Other Ways and Means bills included a bill that would exempt the sales of coins, currency and bullion from sales tax (House Bill 426); a bill that would exempt property owned by a university foundation from ad valorem tax (Senate Bill 2769); and a bill authorizing issuance of bonds for various purposes across the state (House Bill 1663).
The deadline for original floor action on House appropriations and revenue bills is next Wednesday, Feb. 23. After that, House committees will begin considering general bills which passed through the Senate.
On Wednesday of this week, the Jackson State University football team, Sonic Boom of the South marching band, alumni and fans celebrated JSU Capitol Day. The football team was presented in the House chamber with House Concurrent Resolution 30, which commends and congratulates the Jackson State team on winning the 2021 SWAC Championship.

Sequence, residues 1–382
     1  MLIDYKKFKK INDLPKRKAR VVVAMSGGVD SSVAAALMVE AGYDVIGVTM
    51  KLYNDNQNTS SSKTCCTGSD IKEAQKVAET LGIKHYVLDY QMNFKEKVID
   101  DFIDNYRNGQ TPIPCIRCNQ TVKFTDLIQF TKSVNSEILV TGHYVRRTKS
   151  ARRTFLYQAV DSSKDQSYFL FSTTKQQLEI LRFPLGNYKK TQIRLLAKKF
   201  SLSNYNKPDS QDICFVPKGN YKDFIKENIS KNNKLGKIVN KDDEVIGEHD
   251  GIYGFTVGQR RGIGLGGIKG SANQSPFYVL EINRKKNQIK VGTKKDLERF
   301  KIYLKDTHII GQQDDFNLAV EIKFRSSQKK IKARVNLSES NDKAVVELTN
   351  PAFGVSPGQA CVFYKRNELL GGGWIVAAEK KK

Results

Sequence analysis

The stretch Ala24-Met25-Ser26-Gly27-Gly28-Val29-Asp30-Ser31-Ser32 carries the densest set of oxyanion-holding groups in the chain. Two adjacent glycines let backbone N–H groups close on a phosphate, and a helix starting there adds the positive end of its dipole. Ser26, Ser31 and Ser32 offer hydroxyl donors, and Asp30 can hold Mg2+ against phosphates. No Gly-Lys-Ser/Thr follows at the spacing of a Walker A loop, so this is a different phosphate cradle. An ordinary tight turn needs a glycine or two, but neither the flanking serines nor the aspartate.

Other visitors at the Capitol this week included the Mississippi Library Commission, Mississippi Public Broadcasting, DuBard School for Language Disorders, Tougaloo College and the Mississippi Chapter of the National Association for Social Workers.
Week of February 21, 2022
This was the eighth week of the 2022 Legislative Session. Wednesday, Feb. 23 marked the deadline for original floor action on House appropriations and revenue bills. The Appropriations committee considered most budget bills last week, but the Ways and Means committee took up several revenue bills to meet this week’s deadline.
The Pregnancy Resource Act (House Bill 1685) would authorize a tax credit for individuals or businesses who donate money to a nonprofit that operates as a crisis pregnancy center. The bill passed with a bipartisan vote of 115-0.